Cleveland Metroparks approves ‘no body contact with water’ at Euclid Beach

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CLEVELAND – The Cleveland Metroparks Board of Commissioners approved a plan on Thursday to forbid swimming and "body contact with water" in 21 locations, including Euclid Beach/Villa Angela. The vote came despite pleas from a crowded room of spectators opposed to restrictions at the east side beach, where Clevelanders have been swimming for decades.

Tension was high at the meeting following the citation of a man whose daughter was in the water at Villa Angela Saturday.

“As old as the city of Cleveland is, that’s how long we've used that lakefront. Our city is wedded to the lakefront. Now we're told in 2015, not only can we not swim at Euclid Beach and Villa Angela, but we can’t even come in the water,” Cleveland City Councilman Mike Polensek said. “Unless someone can show me there are sharks or piranhas in that water, I don’t understand that policy.”

While opening a section of Euclid Beach/Villa Angela to swimmers in the spring, park officials said they discovered dangerous debris on the lake bottom, including rusty nails and metal pipes sticking out of concrete. Officials said the debris, along with uneven underwater slopes, makes entering the water hazardous.

“We have got to make sure this is really safe, and now we know it is not safe,” said Dan Moore, President of the Board of Park Commissioners.

Chief Ranger Dan Veloski said rangers are patrolling the beach to “educate” visitors about the "no body contact" rule. Signs at Euclid Beach/Villa Angela indicate no swimming, but do not say "no wading" or "no contact" with water. Officials said it’s too soon to say if they will change the signage, adding that’s why rangers are speaking with visitors.

“If someone reaches into very shallow water for a piece of beach glass or they're stepping along the edge and their feet touch the water, we understand that,” Veloski said. “They will not be cited for that. There's been one citation written this spring and summer so far in Cleveland Metroparks for a swimming violation.”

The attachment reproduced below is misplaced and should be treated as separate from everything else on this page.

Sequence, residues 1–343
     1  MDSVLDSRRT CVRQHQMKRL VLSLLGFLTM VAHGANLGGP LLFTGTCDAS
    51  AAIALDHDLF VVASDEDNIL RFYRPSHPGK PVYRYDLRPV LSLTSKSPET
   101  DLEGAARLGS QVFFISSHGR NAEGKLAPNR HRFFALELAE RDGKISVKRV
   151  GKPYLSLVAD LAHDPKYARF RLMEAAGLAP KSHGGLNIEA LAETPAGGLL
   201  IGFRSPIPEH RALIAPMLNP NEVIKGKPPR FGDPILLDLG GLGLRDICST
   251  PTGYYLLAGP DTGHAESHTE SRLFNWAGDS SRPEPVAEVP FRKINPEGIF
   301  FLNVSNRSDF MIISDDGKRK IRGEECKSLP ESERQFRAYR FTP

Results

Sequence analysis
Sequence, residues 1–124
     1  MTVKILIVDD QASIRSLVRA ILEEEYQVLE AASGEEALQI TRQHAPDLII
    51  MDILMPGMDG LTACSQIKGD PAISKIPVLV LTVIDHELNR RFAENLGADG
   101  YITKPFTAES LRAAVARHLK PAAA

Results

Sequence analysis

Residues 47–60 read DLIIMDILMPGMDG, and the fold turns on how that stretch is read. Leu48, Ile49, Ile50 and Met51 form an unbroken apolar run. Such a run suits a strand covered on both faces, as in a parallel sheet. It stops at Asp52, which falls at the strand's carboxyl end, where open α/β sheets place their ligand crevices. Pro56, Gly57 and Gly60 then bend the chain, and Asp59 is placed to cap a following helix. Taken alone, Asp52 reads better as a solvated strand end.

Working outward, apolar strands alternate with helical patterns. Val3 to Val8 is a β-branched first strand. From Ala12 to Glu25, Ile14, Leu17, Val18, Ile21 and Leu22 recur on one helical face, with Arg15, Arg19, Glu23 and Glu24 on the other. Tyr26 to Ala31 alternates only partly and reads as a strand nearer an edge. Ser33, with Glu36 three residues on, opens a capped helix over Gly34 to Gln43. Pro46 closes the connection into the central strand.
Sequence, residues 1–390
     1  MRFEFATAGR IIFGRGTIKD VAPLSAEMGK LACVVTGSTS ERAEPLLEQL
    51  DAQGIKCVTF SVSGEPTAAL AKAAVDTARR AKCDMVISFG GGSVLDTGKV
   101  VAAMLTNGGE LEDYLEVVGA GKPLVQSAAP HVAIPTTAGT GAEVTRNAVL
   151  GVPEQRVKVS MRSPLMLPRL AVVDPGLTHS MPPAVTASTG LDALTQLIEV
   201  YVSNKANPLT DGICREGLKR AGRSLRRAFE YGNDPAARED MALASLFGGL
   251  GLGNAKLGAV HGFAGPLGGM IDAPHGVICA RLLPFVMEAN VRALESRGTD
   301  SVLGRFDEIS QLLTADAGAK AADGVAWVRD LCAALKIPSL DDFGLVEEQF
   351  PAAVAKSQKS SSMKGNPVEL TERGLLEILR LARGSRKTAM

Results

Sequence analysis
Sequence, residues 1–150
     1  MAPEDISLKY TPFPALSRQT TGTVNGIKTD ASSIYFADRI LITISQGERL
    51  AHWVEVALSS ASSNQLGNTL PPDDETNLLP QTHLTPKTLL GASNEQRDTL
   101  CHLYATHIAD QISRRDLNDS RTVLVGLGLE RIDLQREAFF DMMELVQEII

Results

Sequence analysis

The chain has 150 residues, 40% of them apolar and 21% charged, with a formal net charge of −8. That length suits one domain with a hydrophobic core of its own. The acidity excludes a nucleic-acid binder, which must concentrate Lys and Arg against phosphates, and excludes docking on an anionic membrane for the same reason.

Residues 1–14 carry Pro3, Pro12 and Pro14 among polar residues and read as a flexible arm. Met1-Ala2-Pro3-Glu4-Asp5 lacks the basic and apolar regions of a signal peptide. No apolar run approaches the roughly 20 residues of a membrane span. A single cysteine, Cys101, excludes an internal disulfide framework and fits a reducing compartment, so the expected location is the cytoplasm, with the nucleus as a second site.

William Carroll, 44, of Cleveland, was handcuffed and issued a $150 citation for prohibited swimming and failure to comply with a lawful order on Saturday. An incident report stated his 6-year-old daughter was in the water when Carroll refused to get her out and became combative, using “an aggressive tone." The report said he “demanded” he be given a citation. Carroll declined comment to Fox 8, but his wife spoke at the meeting Thursday.

“As much as I regret this happening to my family, I’m glad now the community knows you're criminalizing touching the water at the only east-side beach and rangers were enforcing a policy you had not yet approved,” Kris Carroll said, adding that her daughter was standing in 4-inch-deep water and has been traumatized by the incident. She called on the board to be more transparent and more creative with solutions that would allow swimming at the beach.

“He was standing up for his rights and the rights of the community. She was not swimming, and your policy at the time said ‘no swimming.’”

Metroparks leaders emphasized the water restriction is temporary, and they're awaiting Army Corps of Engineers approval to remove debris and add fresh sand at Euclid Beach/Villa Angela this summer. Once permits are approved, the process would take two weeks, officials said. The meeting also prompted the park system to begin developing other near-term solutions.

“Cleveland Metroparks’ ultimate goal is to give the community something they can be proud of, and we don’t want to knee jerk or do something in haste that could put that long term goal at jeopardy,” Chief Operating Officer Joe Roszak said.

The metroparks is working on plans for a more permanent swimming solution at the beach to be implemented by next summer, Moore said.

Euclid Beach Park